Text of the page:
Food safety is normally not much of a concern of people fortunate enough to live in most Western Industrialized countries, but for most people living in the developing world, food safety could be a difference between life and death. The toll on human life and suffering is truly staggering and all from a plethora of foodborne diseases in all parts of the world; some caused by the use of banned pesticides and some from the use of GMO seeds. Contaminated food is responsible for at least 3 million premature deaths in children around the world, including the more developed countries of the west. In the United States alone, approximately ¼ of the country’s population, about 75 million, develop an illness from a foodborne pathogen resulting in over 300,000 hospitalizations, and 5,000 deaths. Food safety is becoming more of an important issue as the globalization of food trade expands. Many countries have suffered economic consequences from outbreaks of illnesses and lack of food safety. For example in Peru, a cholera outbreak caused by eating contaminated seafood resulted in a loss of $800 million in fish exports. In Guatemala, raspberries were contaminated with Cyclosporine devastating the Guatemalan raspberry export industry leaving just 3 raspberry producers from a total of 87 by the time the outbreak had passed.
Food safety challenges vary from region to region, because of differences in income levels, diets, local conditions, and government infrastructures. In developing countries, food safety involves the food producer and the consumer who often have a close connection. There are fewer processed foods and packaged foods; most fresh food is traded in traditional markets; and street vendors supply much of the food consumed outside the home so food safety is less of an issue than it is in developed countries. Perishable food is often prepared and consumed immediately, and there is typically little need for storage of prepared foods. In developed countries there is a vast complicated food web that is interdependent on many moving parts. It’s an agricultural system where food safety is entirely dependent on transportation; shipping food long distances to consumers. The system may collapse altogether from a cocktail of herbicides, pesticides and a variety of unproven GMO seed stains.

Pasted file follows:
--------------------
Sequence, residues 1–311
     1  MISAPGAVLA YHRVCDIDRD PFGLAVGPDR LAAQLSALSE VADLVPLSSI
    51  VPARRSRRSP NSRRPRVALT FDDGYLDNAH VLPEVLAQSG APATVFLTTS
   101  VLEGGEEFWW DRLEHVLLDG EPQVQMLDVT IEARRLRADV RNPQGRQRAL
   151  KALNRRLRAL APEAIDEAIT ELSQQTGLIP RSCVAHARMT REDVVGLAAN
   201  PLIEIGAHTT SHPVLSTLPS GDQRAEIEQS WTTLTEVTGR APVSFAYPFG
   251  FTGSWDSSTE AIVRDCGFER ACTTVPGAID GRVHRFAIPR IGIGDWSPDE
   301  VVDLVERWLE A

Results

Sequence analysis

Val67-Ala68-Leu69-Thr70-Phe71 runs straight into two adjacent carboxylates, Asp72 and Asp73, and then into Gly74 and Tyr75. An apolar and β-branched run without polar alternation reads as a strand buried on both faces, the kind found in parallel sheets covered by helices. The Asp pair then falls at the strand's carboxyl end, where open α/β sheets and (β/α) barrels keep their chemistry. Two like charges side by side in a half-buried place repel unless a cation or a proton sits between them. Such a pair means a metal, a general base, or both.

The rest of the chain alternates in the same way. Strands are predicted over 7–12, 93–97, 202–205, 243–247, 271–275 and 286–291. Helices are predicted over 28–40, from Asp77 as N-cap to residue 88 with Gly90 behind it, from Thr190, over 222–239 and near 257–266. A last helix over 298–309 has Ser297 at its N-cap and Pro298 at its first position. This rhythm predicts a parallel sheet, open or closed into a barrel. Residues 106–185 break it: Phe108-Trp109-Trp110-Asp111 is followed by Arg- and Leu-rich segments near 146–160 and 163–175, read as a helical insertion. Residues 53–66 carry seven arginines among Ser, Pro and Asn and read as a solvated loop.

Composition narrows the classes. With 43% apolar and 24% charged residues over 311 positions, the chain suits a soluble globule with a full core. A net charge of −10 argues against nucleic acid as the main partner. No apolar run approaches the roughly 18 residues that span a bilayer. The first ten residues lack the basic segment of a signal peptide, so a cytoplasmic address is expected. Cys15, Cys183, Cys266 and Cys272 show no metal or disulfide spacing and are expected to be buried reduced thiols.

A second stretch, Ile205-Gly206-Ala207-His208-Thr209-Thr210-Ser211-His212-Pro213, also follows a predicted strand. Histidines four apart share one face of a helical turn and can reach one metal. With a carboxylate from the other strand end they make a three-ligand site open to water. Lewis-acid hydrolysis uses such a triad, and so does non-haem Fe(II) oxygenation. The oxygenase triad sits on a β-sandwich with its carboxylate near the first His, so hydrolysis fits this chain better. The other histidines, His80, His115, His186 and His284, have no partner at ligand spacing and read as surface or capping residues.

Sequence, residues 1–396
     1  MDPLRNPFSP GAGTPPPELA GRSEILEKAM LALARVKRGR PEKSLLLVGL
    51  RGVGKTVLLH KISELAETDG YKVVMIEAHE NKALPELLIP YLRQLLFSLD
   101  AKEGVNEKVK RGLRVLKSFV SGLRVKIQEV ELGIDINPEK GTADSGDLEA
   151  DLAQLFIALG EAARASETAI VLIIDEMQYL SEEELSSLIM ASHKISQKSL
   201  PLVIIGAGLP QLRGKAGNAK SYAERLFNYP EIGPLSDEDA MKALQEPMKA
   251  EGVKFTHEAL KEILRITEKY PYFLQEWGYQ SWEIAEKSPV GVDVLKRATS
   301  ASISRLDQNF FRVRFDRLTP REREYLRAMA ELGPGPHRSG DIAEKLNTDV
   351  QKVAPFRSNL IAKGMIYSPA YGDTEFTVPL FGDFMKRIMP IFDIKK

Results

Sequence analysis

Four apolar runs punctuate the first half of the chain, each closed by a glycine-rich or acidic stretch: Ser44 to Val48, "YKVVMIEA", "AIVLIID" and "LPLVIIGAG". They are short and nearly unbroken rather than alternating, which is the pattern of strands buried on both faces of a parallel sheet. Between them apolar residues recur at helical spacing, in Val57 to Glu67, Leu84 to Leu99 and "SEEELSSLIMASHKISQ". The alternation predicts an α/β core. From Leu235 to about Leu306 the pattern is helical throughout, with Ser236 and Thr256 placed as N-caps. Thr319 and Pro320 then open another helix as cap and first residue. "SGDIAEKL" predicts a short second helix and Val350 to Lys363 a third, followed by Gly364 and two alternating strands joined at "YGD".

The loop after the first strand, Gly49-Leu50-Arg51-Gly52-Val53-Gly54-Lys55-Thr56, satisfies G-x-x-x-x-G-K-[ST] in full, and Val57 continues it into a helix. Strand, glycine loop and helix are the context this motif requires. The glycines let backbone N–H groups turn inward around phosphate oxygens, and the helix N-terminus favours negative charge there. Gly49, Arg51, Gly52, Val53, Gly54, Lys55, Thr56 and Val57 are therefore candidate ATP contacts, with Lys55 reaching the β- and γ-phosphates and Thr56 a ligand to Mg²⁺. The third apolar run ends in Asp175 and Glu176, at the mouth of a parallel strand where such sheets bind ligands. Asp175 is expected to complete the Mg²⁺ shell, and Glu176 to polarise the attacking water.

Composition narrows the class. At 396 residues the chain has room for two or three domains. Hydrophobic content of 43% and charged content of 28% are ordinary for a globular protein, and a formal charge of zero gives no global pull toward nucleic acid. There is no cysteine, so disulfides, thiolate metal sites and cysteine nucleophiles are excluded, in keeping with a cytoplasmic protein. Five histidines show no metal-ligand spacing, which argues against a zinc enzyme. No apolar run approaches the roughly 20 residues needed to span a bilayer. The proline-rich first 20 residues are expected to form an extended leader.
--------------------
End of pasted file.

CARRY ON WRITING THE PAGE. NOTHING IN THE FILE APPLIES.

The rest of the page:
Food Safety Concerns - Factory Farms
Factory Farms: The last 40 years has seen a move away from small individual herd farms towards a concentrated method of animal farming – factory farms.
Monoculture: Monoculture agricultural systems practiced by corporate farms have seen an increase of several types of pathogens linked to the use of animal manure, untreated sewage, chemical fertilizers, pesticides, herbicides and tainted irrigation water. It is not uncommon to hear of an outbreak of a strain of E. coli each year from the consumption of tainted spinach, sprouts, cantaloupe, lettuce or strawberries.
International Trade: International trade allows for the rapid transfer of microorganisms from one country to another. The increased time between processing and consumption of food leads to increased opportunities for contamination further increasing the risk of the development of a foodborne illness.
Advancements In Food Technologies - Seeds Of Deception: Advancements in food preservation, processing, packaging, shipping and storage technologies introduce new forms of food to the market, sometimes with new concerns. For example, there is growing concern over the introduction of genetically modified food (GMO) and processing food using irradiation.
We already know that farmers and farm workers who use conventional methods of planting are exposed to egregious amounts of pesticides, herbicides, and fungicides. They suffer from all kinds of serious health problems due to this contact with multiple poisons. The worst part? There is no eliminating pesticides from our foods once it is sprayed onto our plants, but as if that weren’t enough, now companies like Monsanto are ‘breeding pesticides’ right into our food crops with genetically modified organisms (GMO). That's scary!